The corona crisis led to an unprecedented 1.8 percent decline in the Composite State of the Economy Index for May 2020, and to anomalous downward revisions for previous months

The Bank of Israel's Composite State of the Economy Index for May 2020 declined by 1.8 percent, the sharpest ever decline in the index in its current format, which has been used since 1998. A compilation of data showing the depth and duration of the crisis, including National Accounts data for the first quarter, led to the sharp decline and to anomalous revisions to the index readings for previous months.  In view of the uniqueness of the crisis, the intensity of the decline in the Index should not be used to draw conclusions about the precise intensity of the decline in activity, particularly the relative intensity between the various months.  This is because final data for some of the indicators are published with a lag, and have an effect on the trends of the Index.


The decline in the Index reflects sharp declines in most components, chiefly in imports of manufacturing inputs in May, and in the Industrial Production Index and the Trade and Services Revenue indices in April.  In contrast, the job vacancy rate recovered slightly after the sharp declines between February and April.  As stated, the Composite Index data for March and April were revised sharply downward (Table 1).  The sharp downward revision is due to the revision of some of the indicators published by the Central Bureau of Statistics[1], and to the negative and cumulative effect of the various indicators on the index’s trend[2], which currently reflects an extreme and continued contraction of economic activity. Table 2 presents the development of components of the Index in the past few months.


Detailed explanations of how the Composite Index is calculated, as well as detailed long-term tables, can be found at: /Research/Pages/ind.aspx




Table 1: Revisions in the Composite Index


Previous data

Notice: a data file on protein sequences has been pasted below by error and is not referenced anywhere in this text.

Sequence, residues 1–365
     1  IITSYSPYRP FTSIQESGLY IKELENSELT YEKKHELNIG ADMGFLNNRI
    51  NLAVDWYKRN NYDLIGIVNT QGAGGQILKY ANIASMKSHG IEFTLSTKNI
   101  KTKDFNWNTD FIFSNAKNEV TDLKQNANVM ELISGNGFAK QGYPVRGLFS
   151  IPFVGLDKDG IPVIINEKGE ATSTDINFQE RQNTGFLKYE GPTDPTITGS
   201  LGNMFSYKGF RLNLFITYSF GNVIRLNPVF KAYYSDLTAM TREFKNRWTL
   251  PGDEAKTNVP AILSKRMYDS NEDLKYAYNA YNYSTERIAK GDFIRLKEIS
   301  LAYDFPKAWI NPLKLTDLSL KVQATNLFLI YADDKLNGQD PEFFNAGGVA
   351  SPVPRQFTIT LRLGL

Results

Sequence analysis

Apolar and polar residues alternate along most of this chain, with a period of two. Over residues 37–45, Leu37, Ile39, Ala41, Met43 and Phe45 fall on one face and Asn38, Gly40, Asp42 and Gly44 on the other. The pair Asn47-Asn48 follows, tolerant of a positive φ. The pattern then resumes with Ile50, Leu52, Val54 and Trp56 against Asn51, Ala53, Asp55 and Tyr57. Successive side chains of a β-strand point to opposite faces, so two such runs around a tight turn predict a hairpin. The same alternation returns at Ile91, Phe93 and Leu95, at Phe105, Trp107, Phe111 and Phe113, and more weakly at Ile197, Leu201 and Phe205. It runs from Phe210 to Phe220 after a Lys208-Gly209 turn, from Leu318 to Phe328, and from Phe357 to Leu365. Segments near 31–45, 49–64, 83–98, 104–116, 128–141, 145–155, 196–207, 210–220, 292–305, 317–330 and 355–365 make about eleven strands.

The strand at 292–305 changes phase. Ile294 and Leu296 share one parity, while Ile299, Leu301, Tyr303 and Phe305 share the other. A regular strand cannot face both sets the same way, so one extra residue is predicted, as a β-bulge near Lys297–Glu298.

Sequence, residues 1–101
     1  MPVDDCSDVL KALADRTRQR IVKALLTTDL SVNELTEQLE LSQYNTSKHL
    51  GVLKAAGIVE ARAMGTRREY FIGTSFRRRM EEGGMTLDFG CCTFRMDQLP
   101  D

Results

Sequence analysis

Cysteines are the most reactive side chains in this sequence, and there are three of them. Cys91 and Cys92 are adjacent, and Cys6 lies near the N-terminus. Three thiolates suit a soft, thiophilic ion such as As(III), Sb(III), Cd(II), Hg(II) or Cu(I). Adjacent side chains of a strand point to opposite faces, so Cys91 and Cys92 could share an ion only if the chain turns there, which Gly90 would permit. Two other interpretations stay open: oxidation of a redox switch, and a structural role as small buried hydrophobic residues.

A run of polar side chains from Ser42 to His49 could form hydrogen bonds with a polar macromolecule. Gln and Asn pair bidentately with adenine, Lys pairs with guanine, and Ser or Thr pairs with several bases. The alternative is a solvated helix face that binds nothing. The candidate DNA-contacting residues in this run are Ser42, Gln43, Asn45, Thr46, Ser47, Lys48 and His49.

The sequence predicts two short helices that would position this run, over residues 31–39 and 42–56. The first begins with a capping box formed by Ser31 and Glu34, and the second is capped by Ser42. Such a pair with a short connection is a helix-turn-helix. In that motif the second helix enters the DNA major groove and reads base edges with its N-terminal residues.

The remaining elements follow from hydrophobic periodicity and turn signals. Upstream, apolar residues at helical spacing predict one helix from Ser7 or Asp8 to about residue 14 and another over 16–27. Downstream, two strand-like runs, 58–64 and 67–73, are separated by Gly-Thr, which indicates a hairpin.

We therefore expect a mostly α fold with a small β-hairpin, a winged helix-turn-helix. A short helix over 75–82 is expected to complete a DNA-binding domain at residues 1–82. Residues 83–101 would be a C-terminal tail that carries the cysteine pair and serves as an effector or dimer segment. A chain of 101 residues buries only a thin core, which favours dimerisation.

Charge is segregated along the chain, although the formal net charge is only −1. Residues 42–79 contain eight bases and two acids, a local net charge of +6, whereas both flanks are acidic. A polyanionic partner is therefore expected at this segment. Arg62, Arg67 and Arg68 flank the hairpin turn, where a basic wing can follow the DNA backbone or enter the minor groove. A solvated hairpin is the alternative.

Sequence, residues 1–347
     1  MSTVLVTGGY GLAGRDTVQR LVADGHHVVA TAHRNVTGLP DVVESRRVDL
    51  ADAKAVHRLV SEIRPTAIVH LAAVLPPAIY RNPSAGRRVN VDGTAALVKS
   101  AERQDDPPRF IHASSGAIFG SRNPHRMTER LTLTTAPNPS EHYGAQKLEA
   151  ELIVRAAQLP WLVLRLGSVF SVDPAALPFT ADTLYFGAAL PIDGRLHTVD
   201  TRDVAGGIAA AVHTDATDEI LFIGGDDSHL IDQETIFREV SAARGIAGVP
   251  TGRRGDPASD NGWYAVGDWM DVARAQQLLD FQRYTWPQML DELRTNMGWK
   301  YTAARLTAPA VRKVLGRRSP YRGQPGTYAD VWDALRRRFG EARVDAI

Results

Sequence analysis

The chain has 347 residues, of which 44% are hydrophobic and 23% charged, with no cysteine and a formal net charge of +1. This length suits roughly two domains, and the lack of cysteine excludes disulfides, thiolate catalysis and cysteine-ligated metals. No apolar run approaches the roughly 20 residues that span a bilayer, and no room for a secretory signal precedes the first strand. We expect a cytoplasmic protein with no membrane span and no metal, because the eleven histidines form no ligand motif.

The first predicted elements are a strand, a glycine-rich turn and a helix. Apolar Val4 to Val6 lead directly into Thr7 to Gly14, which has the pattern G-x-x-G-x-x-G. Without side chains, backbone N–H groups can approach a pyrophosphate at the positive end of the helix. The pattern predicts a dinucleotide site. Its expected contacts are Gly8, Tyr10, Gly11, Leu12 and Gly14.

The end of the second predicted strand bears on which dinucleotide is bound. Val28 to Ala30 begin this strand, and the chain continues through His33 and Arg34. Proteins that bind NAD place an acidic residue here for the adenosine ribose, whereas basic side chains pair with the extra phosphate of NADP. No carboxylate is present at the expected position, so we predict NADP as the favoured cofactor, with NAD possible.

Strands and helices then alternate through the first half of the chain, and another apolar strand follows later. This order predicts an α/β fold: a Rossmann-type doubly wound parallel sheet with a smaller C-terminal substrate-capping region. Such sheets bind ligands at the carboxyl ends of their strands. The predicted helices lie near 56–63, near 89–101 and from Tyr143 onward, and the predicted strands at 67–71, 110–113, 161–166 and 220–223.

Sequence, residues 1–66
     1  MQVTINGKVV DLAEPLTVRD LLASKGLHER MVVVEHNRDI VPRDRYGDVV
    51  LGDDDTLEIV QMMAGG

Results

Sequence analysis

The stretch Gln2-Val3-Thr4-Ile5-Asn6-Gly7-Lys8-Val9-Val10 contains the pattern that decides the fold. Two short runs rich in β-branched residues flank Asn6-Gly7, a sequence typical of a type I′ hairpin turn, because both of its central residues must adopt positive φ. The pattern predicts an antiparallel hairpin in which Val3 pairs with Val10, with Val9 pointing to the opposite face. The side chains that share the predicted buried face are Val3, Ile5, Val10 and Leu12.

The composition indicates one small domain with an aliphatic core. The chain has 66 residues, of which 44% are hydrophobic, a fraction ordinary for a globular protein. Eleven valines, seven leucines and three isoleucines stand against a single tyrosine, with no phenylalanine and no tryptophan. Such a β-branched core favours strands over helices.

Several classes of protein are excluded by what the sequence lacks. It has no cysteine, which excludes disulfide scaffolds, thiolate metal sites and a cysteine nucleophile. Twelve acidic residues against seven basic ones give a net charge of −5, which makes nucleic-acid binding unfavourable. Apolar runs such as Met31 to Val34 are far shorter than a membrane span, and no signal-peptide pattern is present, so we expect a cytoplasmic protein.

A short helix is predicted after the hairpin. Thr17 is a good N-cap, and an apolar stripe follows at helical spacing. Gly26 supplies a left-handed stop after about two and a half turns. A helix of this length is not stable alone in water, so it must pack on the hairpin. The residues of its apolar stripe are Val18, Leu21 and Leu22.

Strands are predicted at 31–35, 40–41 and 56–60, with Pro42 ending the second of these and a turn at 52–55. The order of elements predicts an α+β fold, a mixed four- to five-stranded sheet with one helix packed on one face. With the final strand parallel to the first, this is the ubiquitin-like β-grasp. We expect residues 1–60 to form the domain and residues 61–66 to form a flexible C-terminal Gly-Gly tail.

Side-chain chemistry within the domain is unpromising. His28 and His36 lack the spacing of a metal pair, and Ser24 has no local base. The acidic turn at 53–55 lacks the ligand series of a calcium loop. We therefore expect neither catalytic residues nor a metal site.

New data

May 2020



April 2020



March 2020



February 2020





Table 2: Changes in the Index components in recent months*

(monthly percent change, unless otherwise noted)






March 2020

February 2020

Industrial Production Index

(excluding mining and quarrying)1





Services Revenue Index

(excluding education and public administration)1





Retail Trade Revenue Index1





Imports of consumer goods2





Imports of manufacturing inputs

(excluding fuels)





Goods exports (excluding agriculture) 2





Services exports (excluding transportation) 3





Number of employee posts in the private sector





Job vacancy rate in the business sector4





Building starts5






*As the Central Bureau of Statistics (CBS) has not calculated seasonally adjusted series for some of the variables, there could be a lack of alignment between some of the data appearing in the Composite State of the Economy Index tables and the data in CBS publications.

1 As the CBS did not seasonally adjust in March and April, industrial production data and revenue data for those months were calculated based on a seasonality factor forecast for those months, and the series were not adjusted retroactively.

2 Goods imports and exports are calculated in fixed prices (adjusted for changes in foreign trade price indices).

3 Services exports are calculated in real terms (using the Consumer Price Index).

4 The job vacancy rate is calculated out of the total number of employed people, and is included in the index at its level. As the CBS did not seasonally adjust between March and May, the data for those months are not seasonally adjusted.

5 Since the Central Bureau of Statistics publishes data on building starts once per quarter, the data integrated into the model are at a monthly frequency based on additional sources, such that the distribution is consistent with the quarterly data published by the Central Bureau of Statistics (in percent, seasonally adjusted).





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[1] In particular, the Retail Trade Revenue Index for March was revised downward from an increase of 3.3 percent to a decline of 15.8 percent, and Imports of Consumer Goods for March were revised fro ma decline of 3.8 percent to a decline of 6.2 percent.

[2] In view of the serious changes in business activity as a result of the corona crisis, beginning in February, the calculation of the pace of the trend is based on a regime switching model, which is added to the regular Kalman Filter-based system.​